6.7  Journal articles on grassland management in China, including "The myth of community and sustainable grassland management in China", A. Wilkes, J. Tan and Mandula, 2010; "Green governmentality and pastoralism in western China...", E. Yeh, 2005; "An assessment of China's approach to grassland degradation and livelihood problems in the pastoral region", S. Waldron, C. Brown and J. Longworth, 2008, etc.

6.8  International studies on rangeland management, including "The genesis of range science, with implications for current development policies", N. Sayre and M. Fernandez-Climenez, 2003; "Taming a ‘wicked' problem: A policy overview of property rights and governance of Africa's rangelands", E. Mwangi, 2008 and "Global desertification: Building a science for dryland development", J. Reynolds et al, 2007, etc.

6.9  Articles, in Chinese, re grassland management and minorities, primarily from Journal of Chongqing Institute of Technology (Social Science). Also includes Development Research Centre survey data. 2008-2009.

6.10  Articles on resettlement and the role of local government in grassland management, including "Government, market and households in the ecological relocation process...", Xun Lili and Bao Zhiming , 2008 and "Decentralization, ecological construction, and the environment in post-reform China...", Jiang Hong , 2006. Also includes photocopies of media reports on grassland management between 2010 and 2011 and handwritten summaries of books on grasslands and minorities.

 

Series 7: Mao translation materials

The following materials relate to Watson's translation of Mao's early writing on economic policy, Mao Aedong: Economic and financial problems, Cambridge University Press, 1980. Translation and introduction.

7.1  Mao Zedong, 经济问题与财政问题 (Jingji Wenti yu Caizheng Wenti: Economic and Financial Problems), Xinmin Chubanshe, Hong Kong 1949 edition; 抗日战争时期解放区概况 (Kang-Ri Zhanzheng Shiqi Jiefangqu Gaikuang: An Outline of the Liberated Areas During the Anti-Japanese War), No author, Renmin Chubanshe, Beijing, 1953; 'Mao on Economic Development', a selection of Mao's unofficial papers on economic issues from the 1950s and 1960s assembled by Jack Gray; Notes on the book: 陕甘宁边区的劳动互助, (Shan-Gan-Ning Bianqu de Laodong Huzhu: Labour Mutual Aid in the Shan-Gan-Ning Border Region), Yinan Shudian Chubanshe, 1946; Xing Guang et al (eds), 抗日战争时期陕甘宁边区财政经济史稿 (Kang-Ri Zhanzheng Shiqi Shan-Gan-Ning Bianqu Caizheng Jingji Shigao: A Financial and Economic History of the Shan-Gan-Ning Border Region during the Anti-Japanese War), Xibei Daxue Chubanshe, Xi'an, 1988.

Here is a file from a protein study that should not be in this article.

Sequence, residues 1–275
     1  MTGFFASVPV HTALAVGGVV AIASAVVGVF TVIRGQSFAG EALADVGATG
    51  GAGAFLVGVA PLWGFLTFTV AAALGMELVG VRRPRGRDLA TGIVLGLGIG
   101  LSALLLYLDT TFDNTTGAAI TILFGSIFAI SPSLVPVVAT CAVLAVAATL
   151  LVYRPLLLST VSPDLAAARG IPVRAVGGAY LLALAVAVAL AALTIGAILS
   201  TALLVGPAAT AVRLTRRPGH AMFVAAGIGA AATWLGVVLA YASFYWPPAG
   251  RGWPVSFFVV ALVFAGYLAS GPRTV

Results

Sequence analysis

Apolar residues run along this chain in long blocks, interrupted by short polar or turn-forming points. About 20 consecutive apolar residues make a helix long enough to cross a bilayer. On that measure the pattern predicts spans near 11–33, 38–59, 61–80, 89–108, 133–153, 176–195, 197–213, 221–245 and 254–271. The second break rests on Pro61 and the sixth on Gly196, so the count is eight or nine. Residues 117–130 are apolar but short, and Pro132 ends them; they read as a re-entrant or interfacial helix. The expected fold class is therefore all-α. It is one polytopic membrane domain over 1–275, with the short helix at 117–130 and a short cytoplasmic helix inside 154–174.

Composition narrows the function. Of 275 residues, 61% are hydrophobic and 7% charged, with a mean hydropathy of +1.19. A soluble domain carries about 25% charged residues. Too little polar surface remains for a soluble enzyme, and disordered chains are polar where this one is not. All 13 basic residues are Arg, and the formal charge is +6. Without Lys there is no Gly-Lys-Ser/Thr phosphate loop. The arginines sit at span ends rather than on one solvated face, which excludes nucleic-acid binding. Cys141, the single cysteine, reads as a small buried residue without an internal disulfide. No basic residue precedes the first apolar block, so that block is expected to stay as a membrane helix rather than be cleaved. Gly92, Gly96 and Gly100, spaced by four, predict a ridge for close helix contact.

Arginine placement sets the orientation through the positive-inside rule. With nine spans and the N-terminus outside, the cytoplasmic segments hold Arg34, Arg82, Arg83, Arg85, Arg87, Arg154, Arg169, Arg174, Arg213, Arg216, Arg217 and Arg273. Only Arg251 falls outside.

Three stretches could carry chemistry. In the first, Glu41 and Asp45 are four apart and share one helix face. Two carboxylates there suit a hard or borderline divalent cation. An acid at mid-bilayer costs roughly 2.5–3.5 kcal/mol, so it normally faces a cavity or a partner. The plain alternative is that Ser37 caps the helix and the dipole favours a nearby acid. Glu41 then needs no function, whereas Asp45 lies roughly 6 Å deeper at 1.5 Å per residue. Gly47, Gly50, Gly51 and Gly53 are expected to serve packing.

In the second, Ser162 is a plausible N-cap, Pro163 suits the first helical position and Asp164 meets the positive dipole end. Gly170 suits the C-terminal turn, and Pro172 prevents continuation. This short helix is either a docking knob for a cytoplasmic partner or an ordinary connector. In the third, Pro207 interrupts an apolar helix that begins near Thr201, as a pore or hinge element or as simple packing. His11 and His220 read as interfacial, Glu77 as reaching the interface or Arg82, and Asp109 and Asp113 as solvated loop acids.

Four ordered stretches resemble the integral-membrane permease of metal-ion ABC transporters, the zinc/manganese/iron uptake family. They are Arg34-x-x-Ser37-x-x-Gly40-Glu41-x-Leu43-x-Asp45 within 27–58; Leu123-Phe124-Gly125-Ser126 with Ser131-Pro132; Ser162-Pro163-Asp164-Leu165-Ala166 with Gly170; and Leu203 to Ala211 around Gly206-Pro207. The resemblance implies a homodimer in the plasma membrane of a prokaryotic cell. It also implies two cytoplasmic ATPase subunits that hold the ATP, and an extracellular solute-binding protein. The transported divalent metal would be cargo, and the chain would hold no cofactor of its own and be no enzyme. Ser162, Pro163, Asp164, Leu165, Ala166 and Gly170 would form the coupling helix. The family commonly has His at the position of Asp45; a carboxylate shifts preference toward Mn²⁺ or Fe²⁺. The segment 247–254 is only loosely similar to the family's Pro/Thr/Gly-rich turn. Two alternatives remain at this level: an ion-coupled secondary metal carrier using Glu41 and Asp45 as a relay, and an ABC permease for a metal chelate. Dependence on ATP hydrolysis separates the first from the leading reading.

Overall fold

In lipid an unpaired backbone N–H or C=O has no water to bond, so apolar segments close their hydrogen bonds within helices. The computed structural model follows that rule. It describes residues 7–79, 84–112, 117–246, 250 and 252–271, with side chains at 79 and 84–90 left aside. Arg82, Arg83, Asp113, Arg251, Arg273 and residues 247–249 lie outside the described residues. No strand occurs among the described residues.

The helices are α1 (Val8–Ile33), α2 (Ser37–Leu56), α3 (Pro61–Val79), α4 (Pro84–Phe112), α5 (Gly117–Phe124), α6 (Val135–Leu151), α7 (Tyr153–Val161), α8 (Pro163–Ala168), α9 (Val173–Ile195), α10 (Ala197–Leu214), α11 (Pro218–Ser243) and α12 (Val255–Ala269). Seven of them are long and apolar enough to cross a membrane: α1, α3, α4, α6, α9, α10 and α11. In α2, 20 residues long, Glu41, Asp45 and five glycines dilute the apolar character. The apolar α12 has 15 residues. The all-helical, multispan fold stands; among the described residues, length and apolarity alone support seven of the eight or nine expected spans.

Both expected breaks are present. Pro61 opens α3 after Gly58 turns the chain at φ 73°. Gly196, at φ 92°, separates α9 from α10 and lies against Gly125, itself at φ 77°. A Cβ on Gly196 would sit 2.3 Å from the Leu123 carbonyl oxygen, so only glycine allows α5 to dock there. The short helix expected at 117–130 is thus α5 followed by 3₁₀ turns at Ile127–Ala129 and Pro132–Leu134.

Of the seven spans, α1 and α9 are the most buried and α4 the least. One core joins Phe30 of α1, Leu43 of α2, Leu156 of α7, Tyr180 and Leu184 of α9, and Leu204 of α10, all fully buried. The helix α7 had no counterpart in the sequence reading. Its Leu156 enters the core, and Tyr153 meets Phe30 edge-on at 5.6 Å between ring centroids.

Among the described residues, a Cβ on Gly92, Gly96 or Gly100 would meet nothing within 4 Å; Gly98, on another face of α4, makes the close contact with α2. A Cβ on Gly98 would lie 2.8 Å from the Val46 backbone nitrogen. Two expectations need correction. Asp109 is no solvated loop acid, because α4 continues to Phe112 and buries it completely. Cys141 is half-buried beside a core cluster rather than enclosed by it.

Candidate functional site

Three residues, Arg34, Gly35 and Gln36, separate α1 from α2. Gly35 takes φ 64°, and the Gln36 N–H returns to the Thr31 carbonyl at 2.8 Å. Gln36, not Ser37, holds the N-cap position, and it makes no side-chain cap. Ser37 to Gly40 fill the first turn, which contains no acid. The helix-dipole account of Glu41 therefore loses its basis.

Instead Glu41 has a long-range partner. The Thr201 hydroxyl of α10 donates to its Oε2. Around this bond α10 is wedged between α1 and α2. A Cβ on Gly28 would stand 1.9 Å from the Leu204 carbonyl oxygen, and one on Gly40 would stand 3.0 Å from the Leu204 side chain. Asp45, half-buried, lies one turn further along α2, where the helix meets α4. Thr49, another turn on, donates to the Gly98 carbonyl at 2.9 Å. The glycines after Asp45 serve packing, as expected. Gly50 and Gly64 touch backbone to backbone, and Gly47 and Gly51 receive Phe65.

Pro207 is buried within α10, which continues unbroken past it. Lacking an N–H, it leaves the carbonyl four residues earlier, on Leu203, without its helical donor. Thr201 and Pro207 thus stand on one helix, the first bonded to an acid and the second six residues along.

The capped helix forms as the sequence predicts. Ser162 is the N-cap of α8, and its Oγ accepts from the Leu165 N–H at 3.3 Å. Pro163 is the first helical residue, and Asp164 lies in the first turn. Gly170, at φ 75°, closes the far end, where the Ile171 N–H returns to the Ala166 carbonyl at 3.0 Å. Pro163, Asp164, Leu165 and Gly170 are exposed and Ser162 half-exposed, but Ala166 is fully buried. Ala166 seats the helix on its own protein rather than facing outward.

Series 8: Land reform title documents

Watson discovered the following rare set of a village's Land Reform Title Documents from 1952 at a dirt market in Beijing in the mid-1990s. They record the household ownership rights over land, buildings and other assets after they had been divided among 93 households in Yangliu Village, Changli County, Hebei Province.

8.1  河北省土地房产所有证第三联(村存), (Hebei-sheng Tudi Fangchan Suoyouzheng, Disan Lian [Cun Cun]: Hebei Province Land and Housing Ownership Certificates, Third Round (Village Copy). Record Number 9983, 25 December 1952. Fifth District, Changli County (昌黎县), Yangliu Village (杨柳庄).

Series 9: Agricultural economy reform in China

During the 1980s and 1990s, the Chinese Economy Research Unit embarked on a series of studies of the reform and development of the Chinese agricultural economy.  These projects were jointly developed by Christopher Findlay and Watson and many of them focussed on the reform of agricultural markets.  One study examined fruit and vegetable marketing reform.  Under the planned economy, fruit and vegetable production and marketing was  controlled through the state's supply and marketing cooperatives.  Once free markets were introduced in the early 1980s, local markets for farmers selling their produce spread rapidly across the countryside and in cities.  These eventually generated a hierarchy of markets and wholesale markets.  Part of this research contributed to an AusAID feasibility study of a project to support the development of wholesale markets.  Other studies included work on wool production and marketing (see Series 5), forestry, grain markets, and dairy markets.